Richard Smardon '70 (environmental design), '73 MLA is professor of environmental studies at
SUNY College of Environmental Science and Forestry. His new book, Sustaining the World's Wetlands:
Setting Policy and Resolving Conflicts, written both as a textbook and as a professional reference book contains detailed case studies of wetland
management worldwide. Key themes addressed in the
case studies include the tradeoffs between sustainable use of wetlands for food, fuel, and
fiber vs. the protection of ecosystem diversity and stability, and the respective roles of
big international NGO's, national and regional government, and local community-based
organizations when faced with wetland management issues. Read more...
A pastel painting by Lisa Breslow Thompson '82 (political science), titled Sweet!, was on display in "Eat the Art," an exhibit of food related artwork at Bunker Hill Community College in Charlestown, MA through 10/31. She also had paintings on view at the Danforth Museum School of Art and Amazing Things Arts Center in Framingham, MA during September and October. She writes, "While at UMass I never took an art class, but my involvement in student government and an internship junior year sparked my interest in graphic design. [After graduation] I had an epiphany that the field of visual communication was my path and attended New England School of Art and Design. I have worked as a graphic designer for the past 25 years, and am [now] experiencing the joy and exhilaration of painting and drawing. I live in Framingham with my husband Mark Thompson '81 (political science) and our two sons, Jeremy and Connor. I would love to hear from old friends."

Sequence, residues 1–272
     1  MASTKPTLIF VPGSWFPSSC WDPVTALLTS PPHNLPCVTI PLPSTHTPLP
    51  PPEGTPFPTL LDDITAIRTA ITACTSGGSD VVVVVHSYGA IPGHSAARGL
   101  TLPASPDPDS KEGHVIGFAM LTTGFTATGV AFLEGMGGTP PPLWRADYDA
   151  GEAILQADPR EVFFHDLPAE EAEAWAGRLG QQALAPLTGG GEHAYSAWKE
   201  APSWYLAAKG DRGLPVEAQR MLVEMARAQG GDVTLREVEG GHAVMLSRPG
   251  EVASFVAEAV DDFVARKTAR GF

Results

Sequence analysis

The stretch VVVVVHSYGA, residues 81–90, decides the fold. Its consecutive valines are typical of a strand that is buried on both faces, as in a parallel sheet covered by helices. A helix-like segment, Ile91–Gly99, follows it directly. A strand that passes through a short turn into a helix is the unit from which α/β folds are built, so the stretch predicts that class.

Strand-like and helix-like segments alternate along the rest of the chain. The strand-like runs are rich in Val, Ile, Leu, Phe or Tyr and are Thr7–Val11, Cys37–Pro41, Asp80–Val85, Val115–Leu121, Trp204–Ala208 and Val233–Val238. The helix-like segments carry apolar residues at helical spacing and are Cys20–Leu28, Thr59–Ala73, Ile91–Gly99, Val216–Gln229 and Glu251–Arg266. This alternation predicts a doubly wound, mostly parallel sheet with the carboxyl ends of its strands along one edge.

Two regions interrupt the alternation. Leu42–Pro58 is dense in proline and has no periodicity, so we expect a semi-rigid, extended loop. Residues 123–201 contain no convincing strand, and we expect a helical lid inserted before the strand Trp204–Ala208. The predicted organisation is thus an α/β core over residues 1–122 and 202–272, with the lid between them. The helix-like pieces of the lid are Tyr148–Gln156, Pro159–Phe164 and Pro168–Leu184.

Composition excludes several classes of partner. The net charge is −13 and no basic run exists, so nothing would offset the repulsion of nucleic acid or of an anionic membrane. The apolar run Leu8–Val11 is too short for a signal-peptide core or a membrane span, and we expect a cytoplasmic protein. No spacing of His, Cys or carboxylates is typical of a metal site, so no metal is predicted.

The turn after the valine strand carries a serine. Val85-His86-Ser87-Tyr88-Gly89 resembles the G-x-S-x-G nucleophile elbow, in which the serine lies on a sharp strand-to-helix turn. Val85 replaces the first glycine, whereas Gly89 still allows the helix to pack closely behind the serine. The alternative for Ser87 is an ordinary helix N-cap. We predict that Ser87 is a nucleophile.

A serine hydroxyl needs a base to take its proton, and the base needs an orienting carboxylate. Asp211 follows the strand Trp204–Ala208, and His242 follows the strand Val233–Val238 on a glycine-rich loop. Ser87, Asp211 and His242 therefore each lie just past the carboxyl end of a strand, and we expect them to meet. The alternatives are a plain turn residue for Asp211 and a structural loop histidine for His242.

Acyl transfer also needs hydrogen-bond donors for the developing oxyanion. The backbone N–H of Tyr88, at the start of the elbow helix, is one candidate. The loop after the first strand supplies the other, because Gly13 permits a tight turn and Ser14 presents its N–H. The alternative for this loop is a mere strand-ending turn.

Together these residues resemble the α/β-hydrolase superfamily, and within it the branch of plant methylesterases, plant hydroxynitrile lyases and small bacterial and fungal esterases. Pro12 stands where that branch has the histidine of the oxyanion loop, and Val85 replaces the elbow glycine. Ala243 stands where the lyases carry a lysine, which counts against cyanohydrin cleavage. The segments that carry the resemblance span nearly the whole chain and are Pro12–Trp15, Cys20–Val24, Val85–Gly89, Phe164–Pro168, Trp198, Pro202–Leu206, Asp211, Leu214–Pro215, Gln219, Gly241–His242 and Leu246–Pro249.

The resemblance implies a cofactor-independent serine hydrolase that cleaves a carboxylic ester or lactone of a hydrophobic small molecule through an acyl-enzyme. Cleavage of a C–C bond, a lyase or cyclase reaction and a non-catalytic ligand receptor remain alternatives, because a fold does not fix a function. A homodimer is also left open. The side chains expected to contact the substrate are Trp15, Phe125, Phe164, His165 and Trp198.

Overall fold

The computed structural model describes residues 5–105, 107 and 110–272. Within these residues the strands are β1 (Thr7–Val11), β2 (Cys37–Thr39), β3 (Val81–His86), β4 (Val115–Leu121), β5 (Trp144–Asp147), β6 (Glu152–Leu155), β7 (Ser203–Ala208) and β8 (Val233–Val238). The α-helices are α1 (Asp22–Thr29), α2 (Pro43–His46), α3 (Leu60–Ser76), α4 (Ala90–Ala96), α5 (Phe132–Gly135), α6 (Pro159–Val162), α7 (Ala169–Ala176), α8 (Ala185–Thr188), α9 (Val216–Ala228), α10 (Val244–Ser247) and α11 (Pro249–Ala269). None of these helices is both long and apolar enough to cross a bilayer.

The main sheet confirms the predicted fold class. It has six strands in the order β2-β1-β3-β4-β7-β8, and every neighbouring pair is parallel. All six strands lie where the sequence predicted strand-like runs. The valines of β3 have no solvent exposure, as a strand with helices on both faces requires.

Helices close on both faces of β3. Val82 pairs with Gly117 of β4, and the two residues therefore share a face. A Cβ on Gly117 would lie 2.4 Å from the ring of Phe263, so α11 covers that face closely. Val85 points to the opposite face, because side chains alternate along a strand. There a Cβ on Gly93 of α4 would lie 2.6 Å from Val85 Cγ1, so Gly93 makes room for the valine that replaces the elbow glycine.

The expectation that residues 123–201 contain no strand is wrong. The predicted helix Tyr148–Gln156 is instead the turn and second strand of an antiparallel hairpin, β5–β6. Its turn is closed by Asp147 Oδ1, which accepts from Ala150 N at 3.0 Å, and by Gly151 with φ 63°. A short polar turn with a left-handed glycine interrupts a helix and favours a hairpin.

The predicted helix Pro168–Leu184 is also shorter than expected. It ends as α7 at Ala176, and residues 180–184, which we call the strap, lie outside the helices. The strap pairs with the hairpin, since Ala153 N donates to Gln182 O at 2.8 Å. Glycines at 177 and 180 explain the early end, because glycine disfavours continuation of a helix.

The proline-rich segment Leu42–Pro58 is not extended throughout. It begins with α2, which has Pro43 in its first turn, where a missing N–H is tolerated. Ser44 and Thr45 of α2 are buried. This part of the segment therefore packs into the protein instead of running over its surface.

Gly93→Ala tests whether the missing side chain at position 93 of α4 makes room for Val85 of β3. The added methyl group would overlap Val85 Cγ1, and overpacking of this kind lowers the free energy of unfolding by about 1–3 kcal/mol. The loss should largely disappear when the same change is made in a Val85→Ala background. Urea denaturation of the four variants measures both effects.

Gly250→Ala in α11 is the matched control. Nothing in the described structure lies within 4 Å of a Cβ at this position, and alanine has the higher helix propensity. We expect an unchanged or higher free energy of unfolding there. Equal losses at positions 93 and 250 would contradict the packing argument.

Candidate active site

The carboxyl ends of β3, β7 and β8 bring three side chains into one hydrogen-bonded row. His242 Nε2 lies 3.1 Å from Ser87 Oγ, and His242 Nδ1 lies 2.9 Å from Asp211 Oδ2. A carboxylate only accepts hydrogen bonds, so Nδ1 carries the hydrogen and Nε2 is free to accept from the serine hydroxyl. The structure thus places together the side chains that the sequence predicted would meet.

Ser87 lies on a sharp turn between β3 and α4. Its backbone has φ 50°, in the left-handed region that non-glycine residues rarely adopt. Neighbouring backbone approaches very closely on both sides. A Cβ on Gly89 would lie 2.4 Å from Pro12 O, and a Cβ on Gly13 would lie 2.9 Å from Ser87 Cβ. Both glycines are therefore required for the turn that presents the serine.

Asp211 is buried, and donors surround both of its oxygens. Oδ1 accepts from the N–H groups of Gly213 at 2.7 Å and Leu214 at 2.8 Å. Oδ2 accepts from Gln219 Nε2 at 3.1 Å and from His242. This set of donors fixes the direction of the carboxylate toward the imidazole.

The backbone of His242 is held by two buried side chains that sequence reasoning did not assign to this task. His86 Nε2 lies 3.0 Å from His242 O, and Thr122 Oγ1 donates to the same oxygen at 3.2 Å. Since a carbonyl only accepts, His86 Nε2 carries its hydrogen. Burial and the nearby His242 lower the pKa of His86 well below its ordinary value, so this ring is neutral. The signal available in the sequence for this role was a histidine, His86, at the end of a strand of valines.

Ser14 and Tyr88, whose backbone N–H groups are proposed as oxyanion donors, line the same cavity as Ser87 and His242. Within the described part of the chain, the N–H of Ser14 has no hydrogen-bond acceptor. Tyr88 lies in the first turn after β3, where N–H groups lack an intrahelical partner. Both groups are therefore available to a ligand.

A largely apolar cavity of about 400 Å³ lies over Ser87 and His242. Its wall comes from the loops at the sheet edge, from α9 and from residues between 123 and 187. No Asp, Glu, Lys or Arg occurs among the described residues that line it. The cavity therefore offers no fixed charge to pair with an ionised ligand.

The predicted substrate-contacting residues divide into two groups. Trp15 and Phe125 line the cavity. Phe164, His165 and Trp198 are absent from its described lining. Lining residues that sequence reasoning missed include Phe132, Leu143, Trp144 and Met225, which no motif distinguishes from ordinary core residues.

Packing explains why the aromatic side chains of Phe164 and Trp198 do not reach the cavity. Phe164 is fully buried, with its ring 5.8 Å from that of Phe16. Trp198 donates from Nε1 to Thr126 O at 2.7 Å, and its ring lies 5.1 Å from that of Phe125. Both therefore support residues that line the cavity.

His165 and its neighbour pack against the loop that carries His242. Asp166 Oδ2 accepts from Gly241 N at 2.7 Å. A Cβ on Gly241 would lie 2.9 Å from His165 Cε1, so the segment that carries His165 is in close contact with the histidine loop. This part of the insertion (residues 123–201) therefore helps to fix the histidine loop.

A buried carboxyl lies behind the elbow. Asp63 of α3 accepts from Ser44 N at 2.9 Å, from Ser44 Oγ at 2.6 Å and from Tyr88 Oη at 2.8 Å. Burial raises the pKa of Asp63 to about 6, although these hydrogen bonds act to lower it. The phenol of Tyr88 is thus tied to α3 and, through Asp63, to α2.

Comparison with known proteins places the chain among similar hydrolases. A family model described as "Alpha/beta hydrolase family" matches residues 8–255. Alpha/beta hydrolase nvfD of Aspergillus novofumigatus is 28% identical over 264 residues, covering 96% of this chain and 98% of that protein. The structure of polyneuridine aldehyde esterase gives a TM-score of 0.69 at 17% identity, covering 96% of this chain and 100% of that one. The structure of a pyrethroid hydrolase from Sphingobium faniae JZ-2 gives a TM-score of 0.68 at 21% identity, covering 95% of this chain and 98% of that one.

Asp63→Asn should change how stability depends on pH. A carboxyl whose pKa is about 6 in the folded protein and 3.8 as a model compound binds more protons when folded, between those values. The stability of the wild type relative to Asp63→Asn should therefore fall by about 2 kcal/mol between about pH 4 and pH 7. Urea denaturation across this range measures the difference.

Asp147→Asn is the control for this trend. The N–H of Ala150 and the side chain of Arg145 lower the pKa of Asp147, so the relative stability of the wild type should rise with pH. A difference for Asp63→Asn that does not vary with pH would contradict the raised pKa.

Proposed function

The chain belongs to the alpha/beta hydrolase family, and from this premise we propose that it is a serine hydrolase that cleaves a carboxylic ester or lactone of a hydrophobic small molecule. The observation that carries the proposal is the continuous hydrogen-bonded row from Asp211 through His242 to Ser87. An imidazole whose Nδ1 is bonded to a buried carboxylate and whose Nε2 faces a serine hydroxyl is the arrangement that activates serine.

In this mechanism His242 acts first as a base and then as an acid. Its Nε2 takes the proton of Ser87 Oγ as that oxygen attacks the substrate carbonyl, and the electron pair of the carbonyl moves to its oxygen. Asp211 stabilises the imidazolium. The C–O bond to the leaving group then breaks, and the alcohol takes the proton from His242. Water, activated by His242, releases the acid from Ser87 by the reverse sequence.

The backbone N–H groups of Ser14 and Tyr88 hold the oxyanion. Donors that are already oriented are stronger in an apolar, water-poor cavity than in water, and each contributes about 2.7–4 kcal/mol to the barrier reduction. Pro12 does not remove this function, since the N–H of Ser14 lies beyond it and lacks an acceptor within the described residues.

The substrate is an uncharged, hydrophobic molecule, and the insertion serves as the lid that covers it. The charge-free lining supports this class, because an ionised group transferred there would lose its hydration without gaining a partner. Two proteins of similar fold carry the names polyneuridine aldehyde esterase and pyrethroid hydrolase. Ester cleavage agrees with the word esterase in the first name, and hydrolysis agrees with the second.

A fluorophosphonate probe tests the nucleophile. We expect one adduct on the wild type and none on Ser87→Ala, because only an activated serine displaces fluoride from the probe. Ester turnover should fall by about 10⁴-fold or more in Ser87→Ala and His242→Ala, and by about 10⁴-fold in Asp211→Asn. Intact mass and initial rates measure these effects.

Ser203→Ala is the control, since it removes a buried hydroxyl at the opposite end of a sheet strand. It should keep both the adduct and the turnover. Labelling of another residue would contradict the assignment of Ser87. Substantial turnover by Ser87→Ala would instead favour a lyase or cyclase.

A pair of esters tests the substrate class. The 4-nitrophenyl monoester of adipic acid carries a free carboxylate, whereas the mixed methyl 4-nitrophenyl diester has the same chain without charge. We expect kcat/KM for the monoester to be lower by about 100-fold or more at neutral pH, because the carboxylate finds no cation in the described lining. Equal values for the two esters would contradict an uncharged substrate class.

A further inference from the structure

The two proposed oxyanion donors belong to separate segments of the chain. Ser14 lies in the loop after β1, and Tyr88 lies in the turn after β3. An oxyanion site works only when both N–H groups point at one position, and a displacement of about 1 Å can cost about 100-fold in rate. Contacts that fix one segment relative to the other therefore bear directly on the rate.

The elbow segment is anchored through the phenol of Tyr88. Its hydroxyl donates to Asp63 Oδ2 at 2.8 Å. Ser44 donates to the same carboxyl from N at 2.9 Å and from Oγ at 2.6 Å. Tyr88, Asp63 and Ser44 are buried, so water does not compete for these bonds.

Douglas Storey '84 (political science) is managing partner of Two Storey Building of Bolton, MA, a custom builder and remodeling company. This long-time proponent of green building practices has been named to the 2009 Big 50 Award by Remodeling magazine, one of only two companies named from all of New England. The Big 50 is a remodeling business excellence award for best practices and annually goes to 50 companies around the country that have set the standard for professionalism and integrity through smart marketing, exemplary business practices, unique design, and extraordinary impact on their community or the industry at large. "Building green is building better," says Doug, who is a Certified Green Professional (CGR) by the National Association of Home Builders. Read more...